[ENGLISH] This month: The Masked Marvel. Since the inception of The Golden Age of comics in 1938, many heroes, and many villains, have splashed their battles across artistic pages, have endured their struggles in those same pages and have intrigued a readership which has loved their adventures for 72 years. This column celebrates such characters by taking a look each month at one of them. Some you will know and some are more obscure, but all hold a significant place in comics, for the world of stories in any medium is about the characters who populate it. The spectacular citizens of the universe who inhabit the comic book nation might be brave or sinister, bold or fearful, but all are characters who we can never forget. So, The Golden Age becomes the Silver Age, The Silver becomes The Bronze and so on, until today and until tomorrow. . . in The Endless Age of comics, and the beings who live inside them.
Draw! The Masked Marvel
Debate (with myself) over who would get the illustrious slot in the (now) 30th! issue went back and forth between characters I will not tease readers with since I am not writing about them here. In any case, this character won the spot simply because more than anything else I wanted to present a character few would be talking about these days. I believe I have succeeded. To succeed further (and moreso) for my endeavor in this 30th! issue (yes, we have gone for 30 issues now, did I stress that enough?) I hope to leave you with some lingering memory of this strange hero. End of intro to the 30th issue. After a deep thank you to you all for taking us this far…THANK YOU!….Let’s see what this guy’s all about….
The son of a powerful oilman, Chet Fairchild harked back to the old Zorro and Superman ideals of the rather useless alter ego. Not mild-mannered or effeminate, however, but playboyish and irresponsible in his activities when not fighting bad guys in his true calling, to route the ruffians of the Old West.
Published by Youthful Magazines, he appeared in Gunsmoke #1 through #16 (not to be confused with the TV show of the same name to come later). The issues ran from the spring of 1949 through the winter of 1952. Not a bad run actually.
The Masked Marvel probably had some staying power for two major reasons. First, he was unusual and wore a green skull mask to hide his face with a slouch hat and a pair of six-guns blazing into battle. Second, the women were beautiful and very curvy. In any given situation The Masked Marvel would run into a sexy, voluptuous damsel and even in his alter ego, readers saw his sister was stacked and easy on the eyes as well. A touch of sex and the supernatural is a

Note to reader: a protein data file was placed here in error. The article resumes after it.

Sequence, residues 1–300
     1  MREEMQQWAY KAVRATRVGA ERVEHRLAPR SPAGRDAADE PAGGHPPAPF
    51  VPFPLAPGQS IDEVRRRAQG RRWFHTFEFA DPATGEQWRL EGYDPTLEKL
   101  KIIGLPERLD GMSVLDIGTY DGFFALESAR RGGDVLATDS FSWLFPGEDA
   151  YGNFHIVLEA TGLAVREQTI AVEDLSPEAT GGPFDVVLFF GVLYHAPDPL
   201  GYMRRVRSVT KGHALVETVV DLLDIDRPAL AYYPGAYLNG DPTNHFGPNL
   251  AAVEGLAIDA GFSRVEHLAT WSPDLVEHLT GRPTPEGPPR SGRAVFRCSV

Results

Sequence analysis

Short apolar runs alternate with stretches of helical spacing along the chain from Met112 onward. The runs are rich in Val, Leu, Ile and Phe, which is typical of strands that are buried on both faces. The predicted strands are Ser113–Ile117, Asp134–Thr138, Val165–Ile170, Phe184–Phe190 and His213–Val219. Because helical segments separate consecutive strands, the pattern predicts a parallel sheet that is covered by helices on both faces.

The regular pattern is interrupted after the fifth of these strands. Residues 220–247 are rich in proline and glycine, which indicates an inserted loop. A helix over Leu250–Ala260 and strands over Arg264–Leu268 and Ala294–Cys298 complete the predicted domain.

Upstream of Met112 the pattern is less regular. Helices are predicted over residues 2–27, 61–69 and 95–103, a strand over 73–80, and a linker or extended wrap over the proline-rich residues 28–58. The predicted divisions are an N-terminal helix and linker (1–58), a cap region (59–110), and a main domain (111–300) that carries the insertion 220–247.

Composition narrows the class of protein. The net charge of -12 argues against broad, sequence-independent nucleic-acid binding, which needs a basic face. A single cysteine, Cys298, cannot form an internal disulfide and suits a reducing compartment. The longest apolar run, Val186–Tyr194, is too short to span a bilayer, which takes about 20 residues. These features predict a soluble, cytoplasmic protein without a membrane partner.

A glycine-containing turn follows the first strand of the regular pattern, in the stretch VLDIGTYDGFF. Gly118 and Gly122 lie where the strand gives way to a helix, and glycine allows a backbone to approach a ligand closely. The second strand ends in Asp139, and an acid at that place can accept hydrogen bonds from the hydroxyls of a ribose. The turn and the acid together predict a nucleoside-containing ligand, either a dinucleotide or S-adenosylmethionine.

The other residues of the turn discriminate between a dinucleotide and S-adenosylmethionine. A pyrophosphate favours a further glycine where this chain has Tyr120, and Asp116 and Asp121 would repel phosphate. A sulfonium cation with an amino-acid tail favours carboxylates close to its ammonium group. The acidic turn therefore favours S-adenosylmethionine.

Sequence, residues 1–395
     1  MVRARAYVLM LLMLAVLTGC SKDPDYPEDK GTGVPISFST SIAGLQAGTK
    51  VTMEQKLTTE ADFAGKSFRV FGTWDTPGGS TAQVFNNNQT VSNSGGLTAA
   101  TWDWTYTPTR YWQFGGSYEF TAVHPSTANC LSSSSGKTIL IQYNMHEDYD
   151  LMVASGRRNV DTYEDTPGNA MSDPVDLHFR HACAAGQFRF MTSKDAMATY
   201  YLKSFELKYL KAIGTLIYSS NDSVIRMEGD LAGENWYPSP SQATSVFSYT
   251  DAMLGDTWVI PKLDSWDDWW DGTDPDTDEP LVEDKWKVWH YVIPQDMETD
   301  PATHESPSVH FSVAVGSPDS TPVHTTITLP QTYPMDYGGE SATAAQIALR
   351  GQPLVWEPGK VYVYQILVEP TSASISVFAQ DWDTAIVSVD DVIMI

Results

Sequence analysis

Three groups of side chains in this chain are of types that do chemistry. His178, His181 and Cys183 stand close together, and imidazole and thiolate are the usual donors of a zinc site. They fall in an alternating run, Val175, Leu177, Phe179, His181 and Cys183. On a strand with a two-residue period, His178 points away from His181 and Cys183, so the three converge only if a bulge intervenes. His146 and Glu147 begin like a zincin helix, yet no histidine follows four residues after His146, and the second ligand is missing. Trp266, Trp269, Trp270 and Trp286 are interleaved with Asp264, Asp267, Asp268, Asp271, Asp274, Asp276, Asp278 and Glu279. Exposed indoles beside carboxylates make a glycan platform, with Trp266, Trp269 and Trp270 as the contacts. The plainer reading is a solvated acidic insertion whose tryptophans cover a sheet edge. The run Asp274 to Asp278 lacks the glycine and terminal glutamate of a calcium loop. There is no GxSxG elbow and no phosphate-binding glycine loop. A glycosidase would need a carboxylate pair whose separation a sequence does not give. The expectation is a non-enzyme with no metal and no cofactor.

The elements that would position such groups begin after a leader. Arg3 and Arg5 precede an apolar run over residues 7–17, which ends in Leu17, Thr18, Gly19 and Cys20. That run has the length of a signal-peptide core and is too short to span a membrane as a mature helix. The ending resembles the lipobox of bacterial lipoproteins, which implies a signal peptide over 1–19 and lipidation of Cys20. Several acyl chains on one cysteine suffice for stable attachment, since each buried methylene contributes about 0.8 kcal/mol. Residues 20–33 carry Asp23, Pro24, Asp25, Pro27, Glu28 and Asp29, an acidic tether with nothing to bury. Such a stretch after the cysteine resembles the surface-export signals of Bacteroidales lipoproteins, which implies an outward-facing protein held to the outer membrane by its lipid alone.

potent misture and can keep readers returning for more adventures. Even if the “supernatural” touch is just a skull mask with Marvel having no real strange powers.
These mere sixteen stories were illustrated by Graham Ingels and sometimes other artists contributed as well. His slouch hat was black and his skull mask was a pale green, He also wore a yellow shirt and a blue cape, purple pants, a brown belt for his guns and then…red gloves and boots. The color scheme was off-the-wall and I is impossible to see him without thinking of that latter-day creation Ghost Rider (no relation) but The Masked Marvel was his own man and rode through the old west before Johnny Blaze did any stunt cycling so he well evades the mark of unoriginality. Ingels created the character as well as designed his costume and even though he gave him a skull mask (unlike Ghost Rider) there was not explanation of why he wore that particular kind of mask. He could have just as easily worn a bank robber bandana over his face. Later in the series he does go on to fight supernatural creatures but he is never one himself nor
does he carry any supernatural power.
One of The Masked Marvel’s feats however was being featured in stories that would precede his creator’s fame at EC Comics later on. “Ghastly” (Ingels’ pseudonym over there) became a noted name at the company. Considering where Ingels ended up, it is not that surprising that he would give Marvel a creepy skull mask. It was likely inspired by wanting something macabre set in the old west. Even without any supernatural abilities, the scary mask would be enough to at least express some of that inspiration.
For sixteen tales The Masked Marvel rode horses, shot his six-guns, felled villains and got to spend some time with some fine-looking ladies, as did his readers. So supernatural or not, he had a power of presence for a couple of years and was at least, an original. Yet where do heroes go when they disappear from the pages of a time? Have gun, will travel? I bet he did. And his enemies better draw, or ride, fast.
James Parducci (www.jparducci.blogspot.com) is the creator of the comic series Nighthunter. He has been published in multiple periodicals and runs his own freelance writing business in San Diego.
PS: We retro-published this column as it was send the 1st but not published in due time because our team was in Angoulême for the festival.